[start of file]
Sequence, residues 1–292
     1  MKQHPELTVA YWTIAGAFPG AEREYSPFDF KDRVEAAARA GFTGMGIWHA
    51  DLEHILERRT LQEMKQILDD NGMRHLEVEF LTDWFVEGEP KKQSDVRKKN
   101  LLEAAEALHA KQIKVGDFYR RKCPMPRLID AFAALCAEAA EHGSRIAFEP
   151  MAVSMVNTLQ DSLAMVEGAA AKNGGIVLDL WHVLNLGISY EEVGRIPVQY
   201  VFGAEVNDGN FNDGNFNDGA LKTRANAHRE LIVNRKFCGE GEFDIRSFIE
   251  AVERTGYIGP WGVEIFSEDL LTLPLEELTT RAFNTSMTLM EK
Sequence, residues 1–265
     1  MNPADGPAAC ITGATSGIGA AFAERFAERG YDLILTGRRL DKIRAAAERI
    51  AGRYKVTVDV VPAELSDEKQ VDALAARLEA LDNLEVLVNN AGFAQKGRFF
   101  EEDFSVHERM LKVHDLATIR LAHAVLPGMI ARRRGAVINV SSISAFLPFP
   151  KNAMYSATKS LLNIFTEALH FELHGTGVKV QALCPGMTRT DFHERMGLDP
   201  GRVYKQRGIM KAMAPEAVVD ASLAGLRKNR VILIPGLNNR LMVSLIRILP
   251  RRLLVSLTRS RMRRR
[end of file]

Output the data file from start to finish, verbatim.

Sequence, residues 1–292
     1  MKQHPELTVA YWTIAGAFPG AEREYSPFDF KDRVEAAARA GFTGMGIWHA
    51  DLEHILERRT LQEMKQILDD NGMRHLEVEF LTDWFVEGEP KKQSDVRKKN
   101  LLEAAEALHA KQIKVGDFYR RKCPMPRLID AFAALCAEAA EHGSRIAFEP
   151  MAVSMVNTLQ DSLAMVEGAA AKNGGIVLDL WHVLNLGISY EEVGRIPVQY
   201  VFGAEVNDGN FNDGNFNDGA LKTRANAHRE LIVNRKFCGE GEFDIRSFIE
   251  AVERTGYIGP WGVEIFSEDL LTLPLEELTT RAFNTSMTLM EK
Sequence, residues 1–265
     1  MNPADGPAAC ITGATSGIGA AFAERFAERG YDLILTGRRL DKIRAAAERI
    51  AGRYKVTVDV VPAELSDEKQ VDALAARLEA LDNLEVLVNN AGFAQKGRFF
   101  EEDFSVHERM LKVHDLATIR LAHAVLPGMI ARRRGAVINV SSISAFLPFP
   151  KNAMYSATKS LLNIFTEALH FELHGTGVKV QALCPGMTRT DFHERMGLDP
   201  GRVYKQRGIM KAMAPEAVVD ASLAGLRKNR VILIPGLNNR LMVSLIRILP
   251  RRLLVSLTRS RMRRR